If you have been struggling with debt for a long time, you may be at your wit’s end. No matter how much you pay toward your debt, it may seem as though the balance never decreases. What can you do to stop drowning in debt?
Many people opt for bankruptcy. There are two main types of bankruptcy for consumers: Chapter 7 and Chapter 13.
Chapter 7 Requirement Step One
In order to file for Chapter 7 bankruptcy, you have to qualify for it based on income vs. debt. This is done through a means test, which involves filling out a form and is required for everyone who files for Chapter 7 bankruptcy. It is used to determine whether a filer’s income is above or below the state’s median income for that household size.
The means test is a two-step process. The first step considers whether the filer’s income is below the Chapter 7 income limit, which is the median income in the state where the petition is filed. For Maryland, the median income is $108,200. If income is less than the median for the prior six months and there is no possibility of it increasing in the near future, the test has been passed. The Chapter 7 filing can proceed.
Chapter 7 Requirement Step Two
Most applicants pass the test on step one. Those who do not will move on to step two, which requires documentation of how much money is spent on allowable expenses, or essential living expenses. This includes things such as rent or a mortgage, food, clothes, and medical bills. What is not on this list is discretionary income, or money spent on non-essentials such as entertainment and items not needed for living.
The Alternative: Chapter 13
The means test compares a person’s income for the past six months to what they owe in debts. If a person has enough money coming in to pay down debts, the bankruptcy judge will likely not approve the bankruptcy. The higher the income, the less likelihood of approval. The person would then have to file for Chapter 13 bankruptcy and opt for a repayment plan rather than a discharge of debt.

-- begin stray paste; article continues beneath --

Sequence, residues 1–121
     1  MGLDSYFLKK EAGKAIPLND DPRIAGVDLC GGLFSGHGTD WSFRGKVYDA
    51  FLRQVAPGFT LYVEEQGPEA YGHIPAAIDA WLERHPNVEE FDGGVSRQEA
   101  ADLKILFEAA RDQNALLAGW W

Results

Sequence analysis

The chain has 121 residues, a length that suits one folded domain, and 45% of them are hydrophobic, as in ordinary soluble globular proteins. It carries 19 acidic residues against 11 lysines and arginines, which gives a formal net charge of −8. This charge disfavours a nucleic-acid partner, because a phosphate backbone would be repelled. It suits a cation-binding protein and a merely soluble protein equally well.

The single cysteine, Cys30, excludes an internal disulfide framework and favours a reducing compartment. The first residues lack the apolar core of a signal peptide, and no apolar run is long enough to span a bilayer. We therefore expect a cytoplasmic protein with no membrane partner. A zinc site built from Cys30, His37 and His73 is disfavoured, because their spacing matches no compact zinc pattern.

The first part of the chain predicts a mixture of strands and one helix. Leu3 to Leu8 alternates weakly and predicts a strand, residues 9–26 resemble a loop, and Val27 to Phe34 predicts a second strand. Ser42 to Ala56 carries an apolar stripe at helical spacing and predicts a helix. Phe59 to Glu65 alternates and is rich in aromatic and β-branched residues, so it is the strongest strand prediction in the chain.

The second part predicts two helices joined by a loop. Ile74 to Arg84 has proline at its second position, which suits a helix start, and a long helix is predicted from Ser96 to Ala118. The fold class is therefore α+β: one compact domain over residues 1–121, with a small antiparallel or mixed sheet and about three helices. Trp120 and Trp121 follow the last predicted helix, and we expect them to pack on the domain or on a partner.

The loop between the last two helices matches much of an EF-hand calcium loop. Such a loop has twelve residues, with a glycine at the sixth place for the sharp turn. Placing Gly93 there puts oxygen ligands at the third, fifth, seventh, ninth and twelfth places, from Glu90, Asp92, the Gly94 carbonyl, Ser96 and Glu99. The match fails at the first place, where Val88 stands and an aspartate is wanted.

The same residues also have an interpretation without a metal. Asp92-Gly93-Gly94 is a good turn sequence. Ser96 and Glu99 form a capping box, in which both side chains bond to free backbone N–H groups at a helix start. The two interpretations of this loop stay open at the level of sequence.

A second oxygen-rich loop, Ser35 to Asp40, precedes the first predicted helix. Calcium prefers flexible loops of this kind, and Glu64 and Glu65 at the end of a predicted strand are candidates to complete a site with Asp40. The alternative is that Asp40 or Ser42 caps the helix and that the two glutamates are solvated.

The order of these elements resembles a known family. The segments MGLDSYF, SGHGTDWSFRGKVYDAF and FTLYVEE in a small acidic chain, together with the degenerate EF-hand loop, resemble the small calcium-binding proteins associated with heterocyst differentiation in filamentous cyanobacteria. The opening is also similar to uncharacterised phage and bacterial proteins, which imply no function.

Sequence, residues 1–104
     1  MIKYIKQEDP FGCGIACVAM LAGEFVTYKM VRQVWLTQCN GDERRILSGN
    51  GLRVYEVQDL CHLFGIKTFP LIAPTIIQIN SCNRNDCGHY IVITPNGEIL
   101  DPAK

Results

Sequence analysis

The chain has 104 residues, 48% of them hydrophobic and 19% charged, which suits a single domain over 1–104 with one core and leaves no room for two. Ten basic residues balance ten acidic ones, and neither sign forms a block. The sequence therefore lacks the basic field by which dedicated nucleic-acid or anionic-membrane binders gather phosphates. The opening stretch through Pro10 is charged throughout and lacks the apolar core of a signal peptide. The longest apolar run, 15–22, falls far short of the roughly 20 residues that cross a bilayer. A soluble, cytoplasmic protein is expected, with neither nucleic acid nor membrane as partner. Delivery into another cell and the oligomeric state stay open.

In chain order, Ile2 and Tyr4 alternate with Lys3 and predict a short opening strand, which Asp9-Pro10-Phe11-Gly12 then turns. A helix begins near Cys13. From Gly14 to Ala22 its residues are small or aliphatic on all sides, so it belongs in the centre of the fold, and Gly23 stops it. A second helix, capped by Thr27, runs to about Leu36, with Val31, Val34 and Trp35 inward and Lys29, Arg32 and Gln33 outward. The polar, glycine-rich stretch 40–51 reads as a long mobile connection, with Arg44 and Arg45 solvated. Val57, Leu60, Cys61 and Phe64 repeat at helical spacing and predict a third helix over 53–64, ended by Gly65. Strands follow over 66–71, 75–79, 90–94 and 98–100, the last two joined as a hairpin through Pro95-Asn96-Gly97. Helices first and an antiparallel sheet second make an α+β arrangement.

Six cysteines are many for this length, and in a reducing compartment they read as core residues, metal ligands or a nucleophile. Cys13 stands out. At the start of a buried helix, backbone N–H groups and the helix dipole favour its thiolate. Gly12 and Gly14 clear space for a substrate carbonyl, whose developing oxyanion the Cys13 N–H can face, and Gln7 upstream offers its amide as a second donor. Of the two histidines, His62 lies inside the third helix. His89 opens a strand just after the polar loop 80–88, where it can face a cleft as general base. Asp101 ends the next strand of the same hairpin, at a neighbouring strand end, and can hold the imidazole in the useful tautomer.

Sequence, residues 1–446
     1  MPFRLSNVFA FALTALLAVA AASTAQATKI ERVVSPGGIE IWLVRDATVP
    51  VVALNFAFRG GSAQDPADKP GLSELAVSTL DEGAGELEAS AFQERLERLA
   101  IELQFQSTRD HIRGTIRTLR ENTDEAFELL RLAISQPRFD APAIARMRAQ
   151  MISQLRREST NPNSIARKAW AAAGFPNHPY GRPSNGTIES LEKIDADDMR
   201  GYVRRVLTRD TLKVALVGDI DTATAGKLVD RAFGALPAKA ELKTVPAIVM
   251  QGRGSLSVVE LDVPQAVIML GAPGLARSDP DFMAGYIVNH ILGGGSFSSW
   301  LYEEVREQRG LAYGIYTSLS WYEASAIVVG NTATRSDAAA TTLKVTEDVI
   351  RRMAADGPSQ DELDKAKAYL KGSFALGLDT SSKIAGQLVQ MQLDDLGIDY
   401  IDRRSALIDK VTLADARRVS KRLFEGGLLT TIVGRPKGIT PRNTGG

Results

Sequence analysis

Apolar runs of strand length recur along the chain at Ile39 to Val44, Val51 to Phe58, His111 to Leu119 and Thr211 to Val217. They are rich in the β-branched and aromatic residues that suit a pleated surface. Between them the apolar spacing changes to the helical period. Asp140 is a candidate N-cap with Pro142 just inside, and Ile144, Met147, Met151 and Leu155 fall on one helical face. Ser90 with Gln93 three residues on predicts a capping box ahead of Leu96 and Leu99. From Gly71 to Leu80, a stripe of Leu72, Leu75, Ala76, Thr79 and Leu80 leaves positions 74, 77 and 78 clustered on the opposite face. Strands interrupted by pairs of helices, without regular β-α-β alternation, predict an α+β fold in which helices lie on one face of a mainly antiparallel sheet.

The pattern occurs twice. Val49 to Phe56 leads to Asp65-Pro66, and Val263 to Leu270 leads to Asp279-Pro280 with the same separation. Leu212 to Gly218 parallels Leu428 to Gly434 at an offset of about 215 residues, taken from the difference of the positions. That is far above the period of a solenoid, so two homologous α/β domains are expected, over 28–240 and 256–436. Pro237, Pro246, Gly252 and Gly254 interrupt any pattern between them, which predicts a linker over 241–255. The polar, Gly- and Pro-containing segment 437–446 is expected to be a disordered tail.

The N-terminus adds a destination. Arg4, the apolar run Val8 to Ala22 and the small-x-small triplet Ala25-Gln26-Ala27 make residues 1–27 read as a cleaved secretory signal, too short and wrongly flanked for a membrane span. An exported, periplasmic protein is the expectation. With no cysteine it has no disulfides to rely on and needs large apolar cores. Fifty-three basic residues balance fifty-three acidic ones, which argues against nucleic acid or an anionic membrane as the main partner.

How to get Help
Successfully passing the means test not only defines the bankruptcy chapter but also represents a pivotal milestone on the path to financial recovery, providing individuals with the opportunity to alleviate their debts and achieve a fresh financial start.
You can give yourself extra help by contacting a lawyer that specializes in bankruptcy. They can help you gather all this information, including obtaining your credit history, and can conduct a complete and thorough interview with you for accuracy. If your income is above the state median income, they can also file an additional form to see if you may still pass the means test based on allowable expenses.
Why is there a Means Test?
Chapter 7 bankruptcy wipes away much of an applicant’s debt, but the courts do not allow just anyone to get this kind of bankruptcy. If they let everyone wipe out their debt, probably just about everyone would do it. Therefore,the U.S. Bankruptcy Court uses the means test to determine who can repay their debts and who cannot.
Bankruptcy is not an easy process. While Chapter 7 bankruptcy can wipe out debt, you have to qualify for it first.Passing the means test is a pivotal step in the process of filing for bankruptcy. This assessment serves as a critical determinant of which chapter of bankruptcy a debtor qualifies for, primarily Chapter 7 or Chapter 13.
Interested in bankruptcy but need help understanding the process? Contact a bankruptcy lawyer to guide you and provide solid advice.